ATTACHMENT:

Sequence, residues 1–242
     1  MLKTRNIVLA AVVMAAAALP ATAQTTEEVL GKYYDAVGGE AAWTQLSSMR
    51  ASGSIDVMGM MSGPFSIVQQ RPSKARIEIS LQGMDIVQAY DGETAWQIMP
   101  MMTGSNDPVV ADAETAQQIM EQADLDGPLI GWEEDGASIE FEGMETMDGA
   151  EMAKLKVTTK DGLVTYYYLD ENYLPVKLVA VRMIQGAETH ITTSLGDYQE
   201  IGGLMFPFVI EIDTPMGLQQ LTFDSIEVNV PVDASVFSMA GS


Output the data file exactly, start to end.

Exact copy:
Sequence, residues 1–242
     1  MLKTRNIVLA AVVMAAAALP ATAQTTEEVL GKYYDAVGGE AAWTQLSSMR
    51  ASGSIDVMGM MSGPFSIVQQ RPSKARIEIS LQGMDIVQAY DGETAWQIMP
   101  MMTGSNDPVV ADAETAQQIM EQADLDGPLI GWEEDGASIE FEGMETMDGA
   151  EMAKLKVTTK DGLVTYYYLD ENYLPVKLVA VRMIQGAETH ITTSLGDYQE
   201  IGGLMFPFVI EIDTPMGLQQ LTFDSIEVNV PVDASVFSMA GS